Header Image

Helping grow
the country

< Back to Blog
Rural Diary
1 December 2019 External Supplier

Gentle and effective flystrike protection

Flystrike is an awful disease, where struck sheep can die within 48 hours. Early signs of flystrike can be difficult to observe, so prevention is your best option. 

Wairoa-based sheep and beef farmer, Jonathan Neilson relies on Cyrex™ Liquid for the prevention and treatment of flystrike, as it has proven to be effective year after year.
Jonathan is Farm Manager at Pihanui Station, which is 1,360 ha, mostly south facing and typically rolling hill country. The station is home to approximately 6,500 Romney sheep, with 1,100 head of cattle grazed over winter.

The Pihanui team work closely with the team at PGG Wrightson Wairoa. “We do all our animal health and cropping through PGG Wrightson and really value their input on-farm,” says Jonathan. “I probably talk to Store Manager, Michael (Redward) at least weekly.” Pihanui Station is also supported by PGG Wrightson Technical Field Representative, Paul Kahaki.  

Michael notes that weather and flies probably provide the biggest challenges to farmers in the area. Situated north of Napier and south of Gisborne, the environmental conditions are both a benefit and a challenge to sheep farmers. There are dry and humid conditions from about mid-November through to April. The heat and humidity through summer and autumn create ideal conditions for fly activity and the animals are hugely susceptible to flystrike.

“Of course, the weather is changeable. This year, we saw flystrike cases as late as July!” explains Michael.

“Cyrex Liquid has worked to protect and treat the sheep on Pihanui Station for several years,” Michael notes. 

“It is a good product for preventing flystrike, but it also kills any live maggots on the sheep. I believe it is one of the most superior dips on the market for longevity on the animal.” 

“Most farmers use it during flystrike season, some also use it on rams prior to mating for protection against lice,” Michael adds.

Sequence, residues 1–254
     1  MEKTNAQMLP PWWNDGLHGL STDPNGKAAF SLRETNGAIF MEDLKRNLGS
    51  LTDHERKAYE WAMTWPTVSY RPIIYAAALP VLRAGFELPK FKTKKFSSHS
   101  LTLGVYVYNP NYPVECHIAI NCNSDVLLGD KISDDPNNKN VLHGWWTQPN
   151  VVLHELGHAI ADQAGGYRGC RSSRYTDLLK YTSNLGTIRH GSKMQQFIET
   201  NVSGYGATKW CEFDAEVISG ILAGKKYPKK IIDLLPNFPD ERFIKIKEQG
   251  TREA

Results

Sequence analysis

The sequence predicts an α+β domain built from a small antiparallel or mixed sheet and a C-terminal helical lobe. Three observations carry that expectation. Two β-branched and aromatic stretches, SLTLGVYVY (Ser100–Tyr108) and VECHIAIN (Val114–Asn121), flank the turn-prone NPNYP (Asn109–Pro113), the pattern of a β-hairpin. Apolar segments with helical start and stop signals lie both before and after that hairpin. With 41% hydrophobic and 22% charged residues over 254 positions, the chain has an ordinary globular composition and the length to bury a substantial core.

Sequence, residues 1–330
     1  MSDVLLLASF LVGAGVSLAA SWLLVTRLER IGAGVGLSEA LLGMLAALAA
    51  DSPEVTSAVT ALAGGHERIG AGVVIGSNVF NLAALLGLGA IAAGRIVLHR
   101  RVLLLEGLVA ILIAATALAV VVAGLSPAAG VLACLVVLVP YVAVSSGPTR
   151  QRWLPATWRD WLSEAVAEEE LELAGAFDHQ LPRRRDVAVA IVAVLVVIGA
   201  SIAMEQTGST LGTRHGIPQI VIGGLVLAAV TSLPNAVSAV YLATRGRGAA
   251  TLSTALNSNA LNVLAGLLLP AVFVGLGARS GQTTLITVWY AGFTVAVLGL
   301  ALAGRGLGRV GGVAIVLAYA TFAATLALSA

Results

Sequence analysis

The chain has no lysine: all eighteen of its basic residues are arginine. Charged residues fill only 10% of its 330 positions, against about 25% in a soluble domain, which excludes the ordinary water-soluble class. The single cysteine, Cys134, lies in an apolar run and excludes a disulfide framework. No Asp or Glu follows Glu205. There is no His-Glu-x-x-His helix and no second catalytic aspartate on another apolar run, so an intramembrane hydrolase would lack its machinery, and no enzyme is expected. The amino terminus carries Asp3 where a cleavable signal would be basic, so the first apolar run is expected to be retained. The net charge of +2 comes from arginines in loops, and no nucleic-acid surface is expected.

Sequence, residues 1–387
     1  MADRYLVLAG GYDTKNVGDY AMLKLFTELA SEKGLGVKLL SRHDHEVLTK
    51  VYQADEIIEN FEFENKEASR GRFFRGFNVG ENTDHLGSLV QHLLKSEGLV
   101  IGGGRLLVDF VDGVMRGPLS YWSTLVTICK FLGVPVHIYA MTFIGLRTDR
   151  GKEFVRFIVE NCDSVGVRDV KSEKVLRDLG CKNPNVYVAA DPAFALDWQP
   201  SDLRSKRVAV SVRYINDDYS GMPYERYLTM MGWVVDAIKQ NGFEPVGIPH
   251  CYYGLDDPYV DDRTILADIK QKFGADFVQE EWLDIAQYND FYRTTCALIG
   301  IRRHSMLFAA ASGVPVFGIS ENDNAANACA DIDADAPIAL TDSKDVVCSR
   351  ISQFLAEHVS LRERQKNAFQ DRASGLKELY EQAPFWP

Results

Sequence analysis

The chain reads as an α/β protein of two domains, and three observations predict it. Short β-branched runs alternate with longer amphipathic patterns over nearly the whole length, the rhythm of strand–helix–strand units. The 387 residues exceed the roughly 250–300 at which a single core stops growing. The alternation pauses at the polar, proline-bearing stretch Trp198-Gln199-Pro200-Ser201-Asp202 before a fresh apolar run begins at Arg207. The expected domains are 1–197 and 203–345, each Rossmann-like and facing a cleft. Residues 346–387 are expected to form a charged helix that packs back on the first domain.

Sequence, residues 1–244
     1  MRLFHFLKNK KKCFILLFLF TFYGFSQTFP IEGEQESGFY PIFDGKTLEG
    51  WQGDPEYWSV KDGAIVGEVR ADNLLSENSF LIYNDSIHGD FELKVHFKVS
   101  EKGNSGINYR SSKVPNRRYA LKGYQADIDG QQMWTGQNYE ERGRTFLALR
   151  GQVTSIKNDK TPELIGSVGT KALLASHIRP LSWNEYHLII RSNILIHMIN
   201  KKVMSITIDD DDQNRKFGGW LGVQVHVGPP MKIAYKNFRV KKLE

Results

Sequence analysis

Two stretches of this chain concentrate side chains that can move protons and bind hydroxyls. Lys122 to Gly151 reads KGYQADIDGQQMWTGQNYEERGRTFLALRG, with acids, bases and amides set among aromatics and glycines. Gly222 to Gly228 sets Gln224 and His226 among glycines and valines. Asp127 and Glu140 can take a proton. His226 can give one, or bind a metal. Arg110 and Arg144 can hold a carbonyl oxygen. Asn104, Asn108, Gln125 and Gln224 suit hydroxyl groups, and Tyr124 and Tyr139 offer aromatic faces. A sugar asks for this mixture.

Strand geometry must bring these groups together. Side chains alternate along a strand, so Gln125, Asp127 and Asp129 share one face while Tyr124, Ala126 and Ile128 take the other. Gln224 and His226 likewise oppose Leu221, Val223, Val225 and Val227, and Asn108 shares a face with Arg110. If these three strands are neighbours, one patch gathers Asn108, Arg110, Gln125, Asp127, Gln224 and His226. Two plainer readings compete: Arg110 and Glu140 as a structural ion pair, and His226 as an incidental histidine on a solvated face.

Cyrex Liquid is designed to eliminate flystrike, maggots and lice in sheep. It provides flystrike protection for up to 12 weeks, depending on the season.

In Jonathan’s opinion, Cyrex is gentler than other products he has used in the past. 

“I like Cyrex because it’s not as hard on the sheep, other products used to burn their skin,” he says. “It is also more effective in small doses, it does not take much to treat a sheep with active flystrike.”

Cyrex contains both Cyromazine and Spinosad, making it highly effective in killing flies and maggots. With no organo-phosphates, it is also safer for humans to handle. For best results, Cyrex should be applied to dry wool.

“We like the 12 weeks of protection for peace of mind. Plus, it is guaranteed to kill any maggots on the sheep, so we don’t have to physically check every animal,” Jonathan adds.
Jonathan and his team treat the hoggets with Cyrex at the start of November. Every other sheep is dosed at the end of November, at weaning. The lambs are treated again post-shearing and the ewes again pre-mating (normally mid-February).

“Cyrex is very reliable,” concludes Jonathan. “It costs a bit, so we wouldn’t use it if it wasn’t effective!”

Sponsored by Elanco


External Supplier

Related Articles

Think zinc to protect against facial eczema